By John C. Jackman, MS, Program Director
According to the American Orthopaedic Foot & Ankle Society, the average person takes 10,000 steps each day which adds up to more than three million steps per year. April serves as Foot Health Awareness Month, and is a great opportunity to highlight the importance of foot health.
People with diabetes should be especially concerned with the health of their feet. An estimated 29.1 million people (9.3% of the population) have diabetes, and nearly 28% are undiagnosed. Diabetes can affect the nerves which can cause nerve damage for some people. When this happens, the nerves no longer perceive pain due to numbness and therefore do not alert a person to potential injury.
For people living with diabetes, a poor defense against infection and damage to blood circulation can complicate problems with the feet causing them to become more vulnerable to injury. In 2010, about 73,000 non-traumatic lower-limb amputations were performed on adults aged 20 years or older with diagnosed diabetes. This accounts for 60% of non-traumatic lower-limb amputations. People with an amputation have a 50% mortality rate within five years. Diabetes related amputations may result from chronic wounds caused by diabetes, especially diabetic foot ulcers. It is estimated that 25% of all diabetics will develop a diabetic foot ulcer.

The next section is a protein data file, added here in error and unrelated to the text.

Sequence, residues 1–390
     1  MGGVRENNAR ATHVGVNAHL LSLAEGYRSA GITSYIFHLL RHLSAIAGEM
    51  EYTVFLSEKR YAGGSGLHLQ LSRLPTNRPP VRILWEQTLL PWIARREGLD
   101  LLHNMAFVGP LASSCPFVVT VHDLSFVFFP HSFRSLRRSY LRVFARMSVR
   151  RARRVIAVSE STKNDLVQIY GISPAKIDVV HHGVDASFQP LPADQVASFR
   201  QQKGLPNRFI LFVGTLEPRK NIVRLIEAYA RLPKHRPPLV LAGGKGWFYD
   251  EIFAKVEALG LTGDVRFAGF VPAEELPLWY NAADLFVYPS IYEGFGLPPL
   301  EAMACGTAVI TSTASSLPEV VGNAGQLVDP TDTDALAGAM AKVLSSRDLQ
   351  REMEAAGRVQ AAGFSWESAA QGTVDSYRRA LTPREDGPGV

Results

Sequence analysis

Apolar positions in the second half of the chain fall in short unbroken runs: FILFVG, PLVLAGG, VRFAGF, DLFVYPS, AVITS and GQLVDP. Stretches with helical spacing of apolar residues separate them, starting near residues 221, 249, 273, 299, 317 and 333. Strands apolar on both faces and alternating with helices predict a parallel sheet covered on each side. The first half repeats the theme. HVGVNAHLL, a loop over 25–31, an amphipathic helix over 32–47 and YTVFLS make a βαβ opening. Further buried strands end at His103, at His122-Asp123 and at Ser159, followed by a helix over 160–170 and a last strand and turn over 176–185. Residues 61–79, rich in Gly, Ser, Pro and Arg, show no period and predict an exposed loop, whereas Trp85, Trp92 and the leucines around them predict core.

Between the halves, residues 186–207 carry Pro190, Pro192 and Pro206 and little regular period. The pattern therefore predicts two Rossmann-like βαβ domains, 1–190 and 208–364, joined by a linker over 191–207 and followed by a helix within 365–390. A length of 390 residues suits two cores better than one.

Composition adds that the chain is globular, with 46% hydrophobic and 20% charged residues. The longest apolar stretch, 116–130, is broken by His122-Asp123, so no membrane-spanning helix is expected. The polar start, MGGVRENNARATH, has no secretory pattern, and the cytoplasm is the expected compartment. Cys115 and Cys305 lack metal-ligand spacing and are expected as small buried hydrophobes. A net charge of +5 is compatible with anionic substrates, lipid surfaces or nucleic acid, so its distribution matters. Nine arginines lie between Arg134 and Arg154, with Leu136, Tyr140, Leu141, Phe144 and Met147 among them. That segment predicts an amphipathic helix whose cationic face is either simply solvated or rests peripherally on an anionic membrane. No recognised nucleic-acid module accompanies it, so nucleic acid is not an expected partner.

The Arizona Wound Centers recommends the following for proper foot care if you’re living with diabetes:
Check your feet for sores or other injuries every day. You may have an injury, but cannot feel the pain.
Wash your feet every day and dry them with care, especially between the toes.
Trim your toenails as needed after you’ve washed and dried your feet.
Wear properly fitting shoes that do not rub or pinch your feet.
Always wear socks or stockings with your shoes, and never walk barefoot or while wearing just socks.
Physical activity can help increase circulation in your feet. Consult your healthcare team to see which physical activity is right for you.
For more information about proper foot care, diabetic foot ulcers or how we may be able to help you avoid amputation, contact the Arizona Wound Centers: www.arizonawoundcenters.com (locations in Central Phoenix, Tempe and Mesa).